Presbyterians Today

AUG-SEP 2018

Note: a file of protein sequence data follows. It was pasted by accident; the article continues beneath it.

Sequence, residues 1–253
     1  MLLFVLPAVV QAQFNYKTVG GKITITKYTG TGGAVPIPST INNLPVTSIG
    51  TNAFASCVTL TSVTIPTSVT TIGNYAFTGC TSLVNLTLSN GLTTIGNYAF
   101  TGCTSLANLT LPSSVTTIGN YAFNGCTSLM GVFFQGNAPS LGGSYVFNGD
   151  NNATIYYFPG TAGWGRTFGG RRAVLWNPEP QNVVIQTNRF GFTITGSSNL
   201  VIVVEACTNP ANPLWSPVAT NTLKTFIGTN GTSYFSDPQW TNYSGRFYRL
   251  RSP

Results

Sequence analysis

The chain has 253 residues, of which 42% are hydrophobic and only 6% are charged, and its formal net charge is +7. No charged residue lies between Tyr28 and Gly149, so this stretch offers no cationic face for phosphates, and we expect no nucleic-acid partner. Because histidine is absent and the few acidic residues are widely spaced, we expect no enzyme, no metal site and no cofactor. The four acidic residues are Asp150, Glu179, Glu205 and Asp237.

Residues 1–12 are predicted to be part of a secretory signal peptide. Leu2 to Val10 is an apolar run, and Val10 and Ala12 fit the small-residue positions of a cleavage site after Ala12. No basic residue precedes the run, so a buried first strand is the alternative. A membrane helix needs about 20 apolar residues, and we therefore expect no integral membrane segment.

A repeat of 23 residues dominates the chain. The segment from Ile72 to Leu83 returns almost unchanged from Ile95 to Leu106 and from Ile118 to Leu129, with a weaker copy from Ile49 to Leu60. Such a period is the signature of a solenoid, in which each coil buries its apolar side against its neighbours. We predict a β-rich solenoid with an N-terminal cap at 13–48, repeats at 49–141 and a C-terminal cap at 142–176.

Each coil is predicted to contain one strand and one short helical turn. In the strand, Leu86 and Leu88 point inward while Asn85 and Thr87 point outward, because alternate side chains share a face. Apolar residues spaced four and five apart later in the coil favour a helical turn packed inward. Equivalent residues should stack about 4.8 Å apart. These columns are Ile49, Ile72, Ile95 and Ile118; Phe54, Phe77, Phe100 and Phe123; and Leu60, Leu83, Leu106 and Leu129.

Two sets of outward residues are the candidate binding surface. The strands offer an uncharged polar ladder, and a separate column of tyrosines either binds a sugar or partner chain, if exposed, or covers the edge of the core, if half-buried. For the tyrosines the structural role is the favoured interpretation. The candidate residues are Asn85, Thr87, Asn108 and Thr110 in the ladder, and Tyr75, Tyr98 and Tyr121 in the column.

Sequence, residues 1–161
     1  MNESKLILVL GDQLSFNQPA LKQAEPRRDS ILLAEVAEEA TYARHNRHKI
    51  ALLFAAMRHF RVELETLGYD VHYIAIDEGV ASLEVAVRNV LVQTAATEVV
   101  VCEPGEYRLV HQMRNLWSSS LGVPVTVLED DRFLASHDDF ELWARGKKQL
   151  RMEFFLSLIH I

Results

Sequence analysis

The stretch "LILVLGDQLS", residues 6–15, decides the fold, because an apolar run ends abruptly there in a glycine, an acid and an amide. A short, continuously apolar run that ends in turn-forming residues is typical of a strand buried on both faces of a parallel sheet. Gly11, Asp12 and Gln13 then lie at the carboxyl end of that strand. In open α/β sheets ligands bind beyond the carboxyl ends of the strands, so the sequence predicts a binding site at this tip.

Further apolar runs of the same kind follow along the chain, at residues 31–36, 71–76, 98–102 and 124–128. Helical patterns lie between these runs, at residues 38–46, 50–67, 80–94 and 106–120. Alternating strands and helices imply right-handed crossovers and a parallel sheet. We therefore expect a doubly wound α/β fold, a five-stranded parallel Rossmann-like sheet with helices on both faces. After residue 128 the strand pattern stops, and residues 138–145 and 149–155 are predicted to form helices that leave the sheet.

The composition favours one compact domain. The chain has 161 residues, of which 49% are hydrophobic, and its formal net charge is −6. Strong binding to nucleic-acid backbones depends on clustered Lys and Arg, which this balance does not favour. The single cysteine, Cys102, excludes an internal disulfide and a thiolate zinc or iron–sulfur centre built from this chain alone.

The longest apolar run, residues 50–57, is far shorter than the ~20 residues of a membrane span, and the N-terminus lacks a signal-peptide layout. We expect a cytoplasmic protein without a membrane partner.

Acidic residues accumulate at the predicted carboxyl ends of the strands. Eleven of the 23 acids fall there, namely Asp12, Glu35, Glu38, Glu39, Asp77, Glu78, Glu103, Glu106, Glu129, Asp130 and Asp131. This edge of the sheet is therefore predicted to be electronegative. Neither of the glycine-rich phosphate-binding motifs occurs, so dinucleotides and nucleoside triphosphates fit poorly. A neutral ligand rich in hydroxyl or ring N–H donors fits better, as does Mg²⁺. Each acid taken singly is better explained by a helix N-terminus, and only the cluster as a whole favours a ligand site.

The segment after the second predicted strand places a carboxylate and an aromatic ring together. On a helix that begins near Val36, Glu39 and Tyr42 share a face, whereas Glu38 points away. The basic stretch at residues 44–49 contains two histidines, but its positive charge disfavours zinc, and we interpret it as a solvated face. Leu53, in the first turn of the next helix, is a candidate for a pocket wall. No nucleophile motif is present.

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30 AUGUST/SEPTEMBER 2018 | Pr e s by te r i a n s To d ay homelessness," said Quigley. "When we include our (homeless) friends into our communities, it creates a sense of belonging. And when they live in their true identity as beloved, they have courage to take steps toward restoring their lives." While steps are being taken to address the root causes of homeless- ness, there is still more to do, and Wilcox summons the church to see its power, potential and responsibility in this moment. "The faith voice carries tremen- dous weight in each of the 88 cities in L.A. County, both within the community and with our elected officials. The church must be strong, visible and knowledgeable advocates for those living on the fringes of our society to push housing solutions in every part of L.A. County." Dunn challenges the church to a deeper missional identity in Christ. "Being missional isn't just the next church trend to discuss in staff meetings," he said. "It is learning the issues your city is faced with and saying how we can bring the light of Christ into that darkness." For people like Mark, that light is the light of life. Heidi Worthen Gamble is the mission catalyst for the Presbytery of the Pacific. to seize this moment." Wilcox agrees. "Homelessness is such a complex problem that it is easy to get over- whelmed with any aspect of it. The growing list of programs with the unprecedented funding here in L.A., while welcomed, is also daunting to understand. By having task force members who can help make sense of it all and keep us focused is invalu- able. Collectively, we can hear about and be inspired by the groundbreak- ing work being done at Hollywood Presbyterian, which is the faith model for the entire county," she said. The Presbytery of the Pacific consists of 53 churches in the metro area of Los Angeles and Hawaii, and they all have daily encounters with the reality of homelessness. The task force includes church administra- tors, mission team leaders, deacons, clergy — anyone who is on the front lines of homeless ministries in their church. The group has been gather- ing monthly for the past six months at the presbytery office to share best practices and frustrations; learn how to navigate social services; strategize, set goals and celebrate successes; and pray for one another. Each call is unique "Finding the call God has placed on your heart and for your church" is what Quigley teaches in task force meetings. "Every church is in a different place and it's exciting to see how God is moving each church in its own unique way," she said. "We increase our capacity to serve our neighbors when we share resources and best practices, in addition to praying together." Quigley also advises churches to do their research. "We want to create a 'balanced ecosystem' of social services in our part of the county. We want to share resources. Make sure the ministry you want to do isn't already being done down the street on the same day," she said. Research also includes attending homeless coalition meetings, connect- ing with outreach workers, meeting with local police and service provid- ers. And then listening to what is said. "If this problem were easy to fix, we would have already done it by now," Dunn said. "There are many factors that may cause individuals or families to be living on the street. The solutions we offer need to consider the very real, very serious, problems that people are strug- gling with. The best way to begin is to find people with experience and learn from them. Some of our best guides are people who were formerly homeless who have now decided to turn around and help the next person in line." With housing as the focus, churches are getting creative and considering the use of church parking lots and vacant property to build permanent supportive housing units. Others are considering opening their parking lots for campers. Churches with food ministries are learning how to offer more than a meal, and to connect people with local service providers and housing. "We are learning that the church can play a vital role in ending HOW YOU CAN HELP Amie Quigley, director of urban outreach at First Presbyterian Church of Hollywood, offers these tips for helping the homeless: » Foster authentic, caring relationships with people sleeping on church property or other areas of the community. » Connect with local service providers and homeless coalitions to learn how to be effective and find the gaps in your community. » Create a resource guide for homeless guests who visit your church. » Develop a short list of outreach workers and service providers for office staff, deacons and/or other church volunteers to call on for help.

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